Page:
We will always come face to face with things of this sort, one evening in Las Vegas the shoe was on the other foot; a young magician full of spit & vinegar saw me doing Readings for people so he began doing "Mind Reading" using a Center Tear and more or less speaking negatively about me. The talent buyer as well as casino management pulled me to the side to ask about things; the kid revealing the CT and claiming that this is what I was doing. I followed with a series of short revelations for the management team that totally dusted their mind (as well as the kids), the kicker is, I actually used a CT as part of the presentation and absolutely no one in the group, including this hot on fire psychic debunker lad, realized such.

    This isn't a boast but rather an example as to how people are in our world that know the technique as well as the nuances around it that make it far more than a "trick" and more importantly (in mentalism) make the technique vanish from the mind. This is a very important part of billet work and why such routines are effective. . . similarly, why it takes DECADES of doing the work, in order to be seamless and clean.

    25+ years ago I went into the Magic Castle as one of the eager kids grumbling about those old curmudgeons that kept correcting me on things. Today I'm one of the curmudgeon that is obliged to do the corrections and encourage the novice to pause here and there, and look at what they do in a way that goes beyond the "trick" -- to think outside the proverbial box, as it were.
  5. I hope I never reach a point in career or ego that I believe I know it all. If I should ever get there- please someone either punch me in the face, or ask me to retire.

    That being said I just recently had the pleasure of sharing the stage with Jeff McBride in Las Vegas at his monthly Wonderground. Having grown up watching Jeff perform on TV I was practically beside myself with nervous excitement. I had everything in check, and had planned it out months in advance.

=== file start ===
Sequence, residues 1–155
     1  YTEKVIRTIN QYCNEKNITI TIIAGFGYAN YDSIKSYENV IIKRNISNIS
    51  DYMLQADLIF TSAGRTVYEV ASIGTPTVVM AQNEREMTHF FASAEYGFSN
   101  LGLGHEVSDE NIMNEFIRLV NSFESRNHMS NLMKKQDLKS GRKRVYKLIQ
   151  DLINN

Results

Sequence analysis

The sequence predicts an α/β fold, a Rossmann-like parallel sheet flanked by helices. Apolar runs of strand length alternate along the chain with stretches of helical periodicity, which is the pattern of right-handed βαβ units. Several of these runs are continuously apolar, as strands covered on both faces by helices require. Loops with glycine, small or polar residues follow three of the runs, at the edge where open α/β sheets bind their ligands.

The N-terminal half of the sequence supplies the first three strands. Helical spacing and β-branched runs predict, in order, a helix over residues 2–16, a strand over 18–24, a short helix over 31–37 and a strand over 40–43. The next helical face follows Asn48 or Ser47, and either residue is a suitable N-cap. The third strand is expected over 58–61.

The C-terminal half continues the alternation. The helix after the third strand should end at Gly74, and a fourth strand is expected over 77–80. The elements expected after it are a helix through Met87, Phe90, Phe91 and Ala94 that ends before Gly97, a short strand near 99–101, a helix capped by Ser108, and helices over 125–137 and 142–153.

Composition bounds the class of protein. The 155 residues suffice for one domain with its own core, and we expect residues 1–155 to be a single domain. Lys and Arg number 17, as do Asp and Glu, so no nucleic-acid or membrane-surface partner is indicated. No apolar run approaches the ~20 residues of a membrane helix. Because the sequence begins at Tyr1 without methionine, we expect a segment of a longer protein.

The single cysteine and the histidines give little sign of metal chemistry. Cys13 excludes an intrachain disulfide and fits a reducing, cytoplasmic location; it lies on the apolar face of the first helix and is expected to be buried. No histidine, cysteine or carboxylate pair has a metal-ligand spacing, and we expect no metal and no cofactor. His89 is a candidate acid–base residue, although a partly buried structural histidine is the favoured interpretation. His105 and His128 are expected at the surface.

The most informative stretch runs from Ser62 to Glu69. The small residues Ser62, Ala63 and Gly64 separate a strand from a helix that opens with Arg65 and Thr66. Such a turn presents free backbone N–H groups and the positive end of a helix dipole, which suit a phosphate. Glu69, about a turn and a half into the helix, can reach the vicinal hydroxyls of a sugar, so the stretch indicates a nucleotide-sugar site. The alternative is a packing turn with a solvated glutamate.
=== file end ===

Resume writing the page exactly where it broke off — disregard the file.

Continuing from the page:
1) Magician looking costume - Check.
    2) One set of magic: Run time between 6 and 9 minutes. - Check.
    3) Makeup, script, pacing, and patter. - Check.
    4) All necessary props set up well in advance, and packaged to carry on, and off quickly and easily. - Check.
    5) Music cued, and double backed up on CD-Rom & Thumb Drive. - Check.

    I was ready to roll. I got up on stage, I delivered a performance for an audience of professional names I knew, and others I didn't. I thought I did well enough, until I got off the stage and spoke with a couple magi whose names I knew and held in reverence. No misdirection could spare me, no smoke and mirrors worked in my favor. The minute I took the stage, I was transparent as a sheet of freshly cleaned glass. In what was probably about a 20 minute conversation I got schooled in presentation and character. An experience I'm thankful for, but it did cause me to re-evaluate myself. I know where I came from, I know where I want to be going, I just feel like I'm lost on the path to get there. Sort of not being able to see the forest through the trees kind of deal.

    In short Beans... I've got a hell of a lot of work left to do on myself.
  6. From this point Will, 2 things can happen and you know what I'm talking about. You either do the things mentioned to improve upon yourself or you throw you crap in a drawer forget it. It takes a big person to take constructive criticism and know how to grow professionally. I know which you will choose.

    Your post is very interesting because many of us (myself included) think we are getting up there in the ranks and then we get a rude awakening when something like this happens. It is good for us and keeps us in check.
  7. Mr. Draven -- CONGRATULATIONS!

    You impressed these people enough to inspire them to reach out and give you some pointers -- LISTEN! Suck up all they are willing to share with you and experiment with it.

    I'm an information junkie when it comes to magic and especially when it comes to learning how to improve my presentation. I'm always asking people I know to not have a favored view towards me, to give me a brutal overview to the act they may see me do. I want to hear from them because they aren't "friends" per ce and will not blow hot air up my kilts, they'll call a spade a spade and that is what we all need but rarely seek out.

    There's a handful of you younger guys on this forum and over at E that give me a great deal of hope when it comes to where magic is heading and why. Thanks for being one of them